Impact Successful workshop in Feb 2023 involving about 60 participants from over 15 counties.
Start Year 2022
 
Description Future Coastal Ocean Climates project endorsed by UN Decade of Ocean Science for Sustainable Development 
Organisation Euro-Mediterranean Center on Climate Change (CMCC)
Country Italy 
Sector Charity/Non Profit 
PI Contribution NOC leads this partnership
Collaborator Contribution During the UN Ocean Decade, FLAME aims to establish a Global Coastal Ocean Model Intercomparison Programme (CO-MIP) that will provide climate change impacts and hazard assessments to the next and future IPCC reports. While climate change is increasingly better understood and modelled on global scales, climate impacts are most acutely felt across the coastal ocean, where rapidly expanding human populations are reliant upon coastal ecosystem resources and services and where they are most vulnerable to coastal hazards. Downscaling global and regional climate models to reliably project change in the coastal ocean however, where the land, ocean and human populations are intimately connected, is challenging. FLAME provides a set of high-level objectives and a framework within which the international research community can work together to improve high-resolution projections of the global coastal oceans responses to future climate, on decadal to centennial scales, and strengthen understanding of the impacts that this will have on coastal ecosystems, hazards and services.
Impact Successful workshop in Feb 2023 involving about 60 participants from over 15 counties.
Start Year 2022
 
Description Future Coastal Ocean Climates project endorsed by UN Decade of Ocean Science for Sustainable Development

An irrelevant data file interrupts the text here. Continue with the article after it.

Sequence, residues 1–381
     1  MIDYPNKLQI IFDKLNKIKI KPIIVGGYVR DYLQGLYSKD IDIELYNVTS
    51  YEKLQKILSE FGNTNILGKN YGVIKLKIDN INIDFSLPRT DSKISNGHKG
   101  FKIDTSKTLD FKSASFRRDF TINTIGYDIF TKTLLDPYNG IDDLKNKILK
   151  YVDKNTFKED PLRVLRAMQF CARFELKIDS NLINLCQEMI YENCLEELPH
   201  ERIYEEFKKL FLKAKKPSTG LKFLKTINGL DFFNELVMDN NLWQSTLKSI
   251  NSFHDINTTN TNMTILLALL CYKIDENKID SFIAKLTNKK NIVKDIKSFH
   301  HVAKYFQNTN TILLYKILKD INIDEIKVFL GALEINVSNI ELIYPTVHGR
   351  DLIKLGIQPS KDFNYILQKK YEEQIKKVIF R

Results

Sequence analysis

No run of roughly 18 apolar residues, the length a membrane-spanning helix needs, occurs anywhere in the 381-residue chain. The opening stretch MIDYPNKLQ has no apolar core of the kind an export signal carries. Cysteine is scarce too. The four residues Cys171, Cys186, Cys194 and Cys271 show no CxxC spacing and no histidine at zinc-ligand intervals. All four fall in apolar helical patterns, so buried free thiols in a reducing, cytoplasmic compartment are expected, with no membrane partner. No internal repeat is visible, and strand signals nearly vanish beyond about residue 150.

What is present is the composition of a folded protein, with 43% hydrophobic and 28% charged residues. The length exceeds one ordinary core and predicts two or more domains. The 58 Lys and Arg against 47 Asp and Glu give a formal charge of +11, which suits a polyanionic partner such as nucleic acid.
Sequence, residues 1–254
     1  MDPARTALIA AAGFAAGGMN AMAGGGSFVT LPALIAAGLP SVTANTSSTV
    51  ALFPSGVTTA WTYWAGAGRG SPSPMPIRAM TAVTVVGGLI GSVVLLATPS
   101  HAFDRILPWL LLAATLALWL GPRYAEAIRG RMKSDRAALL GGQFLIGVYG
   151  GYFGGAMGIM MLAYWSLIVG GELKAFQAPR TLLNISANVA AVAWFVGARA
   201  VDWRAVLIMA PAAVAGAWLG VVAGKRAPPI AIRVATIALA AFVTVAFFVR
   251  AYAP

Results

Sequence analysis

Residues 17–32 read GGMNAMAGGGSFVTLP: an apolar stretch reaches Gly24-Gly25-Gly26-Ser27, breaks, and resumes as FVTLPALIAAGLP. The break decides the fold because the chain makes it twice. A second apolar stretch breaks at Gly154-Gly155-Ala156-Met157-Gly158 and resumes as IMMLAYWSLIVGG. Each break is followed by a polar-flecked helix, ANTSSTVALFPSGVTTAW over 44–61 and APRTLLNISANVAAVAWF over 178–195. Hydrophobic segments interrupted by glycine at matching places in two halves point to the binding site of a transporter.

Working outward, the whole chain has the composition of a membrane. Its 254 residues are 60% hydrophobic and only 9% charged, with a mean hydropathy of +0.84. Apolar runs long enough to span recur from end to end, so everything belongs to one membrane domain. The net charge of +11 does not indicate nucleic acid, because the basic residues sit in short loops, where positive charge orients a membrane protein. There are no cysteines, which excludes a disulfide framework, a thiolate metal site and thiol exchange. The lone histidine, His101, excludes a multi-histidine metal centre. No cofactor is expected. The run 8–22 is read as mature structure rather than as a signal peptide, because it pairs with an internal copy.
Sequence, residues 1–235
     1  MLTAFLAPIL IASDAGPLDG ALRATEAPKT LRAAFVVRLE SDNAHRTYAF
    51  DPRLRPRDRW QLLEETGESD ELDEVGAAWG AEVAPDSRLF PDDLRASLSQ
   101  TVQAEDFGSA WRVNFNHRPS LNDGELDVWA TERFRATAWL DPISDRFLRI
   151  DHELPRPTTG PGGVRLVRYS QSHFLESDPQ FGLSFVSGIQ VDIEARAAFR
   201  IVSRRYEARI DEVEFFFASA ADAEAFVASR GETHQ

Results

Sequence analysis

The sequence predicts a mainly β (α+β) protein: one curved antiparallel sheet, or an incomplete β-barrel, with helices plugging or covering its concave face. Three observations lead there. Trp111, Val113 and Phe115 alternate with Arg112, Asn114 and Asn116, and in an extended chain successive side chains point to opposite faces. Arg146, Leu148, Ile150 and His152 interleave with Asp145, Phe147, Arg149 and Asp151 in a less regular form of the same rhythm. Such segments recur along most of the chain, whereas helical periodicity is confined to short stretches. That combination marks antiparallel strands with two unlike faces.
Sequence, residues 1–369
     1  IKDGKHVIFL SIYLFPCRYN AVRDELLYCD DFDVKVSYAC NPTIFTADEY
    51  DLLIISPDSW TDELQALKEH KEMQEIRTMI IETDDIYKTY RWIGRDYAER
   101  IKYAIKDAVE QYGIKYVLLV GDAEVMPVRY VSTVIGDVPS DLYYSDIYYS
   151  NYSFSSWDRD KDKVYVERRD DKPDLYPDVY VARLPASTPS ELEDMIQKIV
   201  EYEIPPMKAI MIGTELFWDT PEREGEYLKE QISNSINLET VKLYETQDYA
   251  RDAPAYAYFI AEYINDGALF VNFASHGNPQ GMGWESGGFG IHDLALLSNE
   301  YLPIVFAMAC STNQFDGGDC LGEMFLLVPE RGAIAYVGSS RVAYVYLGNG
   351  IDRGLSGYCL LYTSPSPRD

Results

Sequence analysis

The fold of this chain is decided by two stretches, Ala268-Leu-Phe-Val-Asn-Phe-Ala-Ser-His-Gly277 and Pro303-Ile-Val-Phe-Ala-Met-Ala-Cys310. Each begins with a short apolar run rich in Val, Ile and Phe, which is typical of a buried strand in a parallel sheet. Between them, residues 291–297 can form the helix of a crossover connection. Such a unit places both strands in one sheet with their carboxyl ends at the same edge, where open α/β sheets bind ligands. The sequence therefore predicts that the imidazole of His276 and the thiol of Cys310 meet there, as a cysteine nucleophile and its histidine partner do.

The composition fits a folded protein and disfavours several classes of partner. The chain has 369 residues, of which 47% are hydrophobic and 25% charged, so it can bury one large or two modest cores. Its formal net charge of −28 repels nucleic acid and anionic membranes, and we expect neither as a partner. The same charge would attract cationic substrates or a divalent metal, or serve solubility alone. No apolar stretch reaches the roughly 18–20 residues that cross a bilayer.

Organisation University of Alberta
Country Canada 
Sector Academic/University 
PI Contribution NOC leads this partnership
Collaborator Contribution During the UN Ocean Decade, FLAME aims to establish a Global Coastal Ocean Model Intercomparison Programme (CO-MIP) that will provide climate change impacts and hazard assessments to the next and future IPCC reports. While climate change is increasingly better understood and modelled on global scales, climate impacts are most acutely felt across the coastal ocean, where rapidly expanding human populations are reliant upon coastal ecosystem resources and services and where they are most vulnerable to coastal hazards. Downscaling global and regional climate models to reliably project change in the coastal ocean however, where the land, ocean and human populations are intimately connected, is challenging. FLAME provides a set of high-level objectives and a framework within which the international research community can work together to improve high-resolution projections of the global coastal oceans responses to future climate, on decadal to centennial scales, and strengthen understanding of the impacts that this will have on coastal ecosystems, hazards and services.
Impact Successful workshop in Feb 2023 involving about 60 participants from over 15 counties.
Start Year 2022
 
Description Future Coastal Ocean Climates project endorsed by UN Decade of Ocean Science for Sustainable Development 
Organisation University of Bologna
Country Italy 
Sector Academic/University 
PI Contribution NOC leads this partnership